The French Creek Base of the Coast Guard was called in to the Beachcomber Marina in Nanoose Bay on Sunday, Jan. 12 for a severe windstorm. Crews returned on Monday to help clean up the damage done to the marina and boats. (Emily Vance photo)

‘It was mayhem’: Storm causes huge damage at Vancouver Island marina

Boat crashes ashore, 150 feet of breakwater crumbles at the Beachcomber Marina in Nanoose Bay

Boat owners were struggling Monday morning, dealing with damage to their vessels at the Beachcomber Marina in Nanoose Bay after a severe windstorm, combined with high tides, shook the east coast of Vancouver Island on Sunday.

One boat crashed onto a nearby shore after being blown off its moorings, while multiple others moored in the marina are punctured, scraped and battered. People were turning up in the middle of the night to try and secure their boats.

The marina itself also sustained serious damage from the elements. Approximately 150 feet of the breakwater has been knocked down by massive waves caused by the winds. Residents say once the breakwater started to fall, the waves began to batter the marinas outer docks.

Some of the docks themselves have come apart, while other sit half-sunken in the water.

Beachcomber resident Marijke Oudshoorn says she’s never seen anything like it in her 14 years living in the area.

“My God, the wind was so wild,” said Oudshoorn. “How do you describe that?

“It was howling in here, it was howling so hard. You could hear it in the house.”

READ MORE: Power restored to 12,000 homes and businesses across Parksville Qualicum Beach

Oudshoorn heard from a neighbour who lives just above where the boat crashed onto the rocks. The crash happened around 7 p.m. on Sunday night.

Morgan Chisholm with the Canadian Coast Guard’s French Creek Base says that unusual northwesterly gale force storm winds were the cause of the wreckage at the Nanoose Bay harbour.

The Coast Guard was called in Sunday night to secure boats that were in danger of pulling off the docks, and ensure that nobody was injured.

“We showed up last night and tried to assist. It was dangerous even getting on these docks. … You can see, it was mayhem down here last night. Luckily no one was hurt, that’s the most important part,” said Chisholm.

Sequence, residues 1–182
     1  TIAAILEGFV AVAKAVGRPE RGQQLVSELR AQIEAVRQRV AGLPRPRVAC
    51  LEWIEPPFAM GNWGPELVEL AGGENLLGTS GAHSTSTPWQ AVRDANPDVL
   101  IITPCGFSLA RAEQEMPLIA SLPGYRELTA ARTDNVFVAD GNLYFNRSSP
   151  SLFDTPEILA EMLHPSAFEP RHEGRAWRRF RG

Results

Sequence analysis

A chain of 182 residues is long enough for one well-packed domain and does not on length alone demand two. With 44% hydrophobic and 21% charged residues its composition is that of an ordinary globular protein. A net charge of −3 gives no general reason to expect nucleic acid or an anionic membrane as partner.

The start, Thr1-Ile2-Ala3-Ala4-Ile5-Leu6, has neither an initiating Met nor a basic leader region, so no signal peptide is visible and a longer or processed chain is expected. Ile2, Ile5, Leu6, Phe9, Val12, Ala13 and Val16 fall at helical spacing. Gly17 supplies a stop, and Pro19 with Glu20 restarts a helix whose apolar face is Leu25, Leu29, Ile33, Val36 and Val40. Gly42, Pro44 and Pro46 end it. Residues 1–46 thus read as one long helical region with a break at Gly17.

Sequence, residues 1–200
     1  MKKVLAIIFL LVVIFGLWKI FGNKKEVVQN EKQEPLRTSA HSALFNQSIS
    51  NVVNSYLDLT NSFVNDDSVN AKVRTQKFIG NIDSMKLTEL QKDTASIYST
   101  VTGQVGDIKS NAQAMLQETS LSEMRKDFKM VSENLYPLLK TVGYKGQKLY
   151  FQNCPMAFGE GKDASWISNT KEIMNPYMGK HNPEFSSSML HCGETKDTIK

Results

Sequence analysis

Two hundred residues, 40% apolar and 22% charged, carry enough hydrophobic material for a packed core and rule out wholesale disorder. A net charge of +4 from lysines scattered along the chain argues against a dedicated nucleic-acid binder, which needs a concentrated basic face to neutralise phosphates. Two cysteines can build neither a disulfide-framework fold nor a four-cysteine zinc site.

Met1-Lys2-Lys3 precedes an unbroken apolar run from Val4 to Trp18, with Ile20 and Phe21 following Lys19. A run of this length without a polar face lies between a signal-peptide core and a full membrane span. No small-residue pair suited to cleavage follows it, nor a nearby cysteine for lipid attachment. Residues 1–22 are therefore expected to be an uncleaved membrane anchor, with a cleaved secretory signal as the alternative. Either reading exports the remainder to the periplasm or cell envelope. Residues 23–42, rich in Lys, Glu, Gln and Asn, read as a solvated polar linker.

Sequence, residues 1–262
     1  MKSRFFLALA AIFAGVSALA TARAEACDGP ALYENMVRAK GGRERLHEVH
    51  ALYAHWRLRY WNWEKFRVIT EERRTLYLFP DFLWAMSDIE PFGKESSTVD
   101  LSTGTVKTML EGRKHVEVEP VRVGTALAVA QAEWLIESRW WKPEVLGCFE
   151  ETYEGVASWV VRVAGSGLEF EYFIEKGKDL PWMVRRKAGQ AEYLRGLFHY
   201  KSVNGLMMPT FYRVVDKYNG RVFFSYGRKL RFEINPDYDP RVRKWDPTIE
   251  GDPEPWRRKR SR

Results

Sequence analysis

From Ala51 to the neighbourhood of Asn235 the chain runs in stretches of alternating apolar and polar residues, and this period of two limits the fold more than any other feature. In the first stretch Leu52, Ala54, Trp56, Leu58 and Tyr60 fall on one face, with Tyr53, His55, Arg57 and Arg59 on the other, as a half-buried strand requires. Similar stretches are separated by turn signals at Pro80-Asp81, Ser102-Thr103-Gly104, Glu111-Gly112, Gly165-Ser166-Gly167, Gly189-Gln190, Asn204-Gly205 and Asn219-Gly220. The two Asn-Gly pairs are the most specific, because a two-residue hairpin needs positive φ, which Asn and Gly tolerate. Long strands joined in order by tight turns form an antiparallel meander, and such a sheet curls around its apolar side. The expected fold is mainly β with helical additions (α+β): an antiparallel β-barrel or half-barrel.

Coast Guard crews returned Monday (Jan. 13) with a spill response team to minimize the impact of the damage.

“Now it’s just a matter of cleaning up. We came down here this morning, to make sure there was no pollution. The pollution is very very minimal, so that’s good news.”

Beachcomber’s strata manager Chris Rose says that before the sun went down, waves were blowing over the breakwater.

READ MORE: BC Ferries seeing serious delays after high winds

“Everything was up. When the waves were coming in, the splashes were coming over the top of the breakwater. Everything was moving. One of them – there’s a sailboat down there where its mainsail had come unfurled a little bit, and it was flapping to beat the band,” said Rose.

“They were re-lining, or putting in lines on some of the bigger boats to try and keep them in. One of them had pulled its cleats right from the dock … and then away it went. I think we’re lucky we only lost one,” said Rose.

Local boat owner Guy Gauvin says he’s working on replacing all his mooring lines and three or four fenders he lost in the storm. His boat also broke its stern line and stern mooring line, and the bow hit a piling. He says he’ll be checking his boat more often after this.

“You tend to assume after you’ve been here a few years that everything is fine. But when a wind like yesterday perks up, it’s time to come and check everything,” said Gauvin.

emily.vance@pqbnews.com

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A boat came unmoored on Sunday, Jan. 12 at the Beachcomber Marina in Nanoose Bay and crashed on the rocks of a nearby shore. Coast Guard members say the boat’s owner has been notified. (Emily Vance photo)

Approximately 150 feet of the breakwater at the Beachcomber Marina in Nanoose Bay has crumbled after gale-force northwesterly winds combined with a high tide battered the rocks on Sunday, Jan. 12. (Emily Vance photo)

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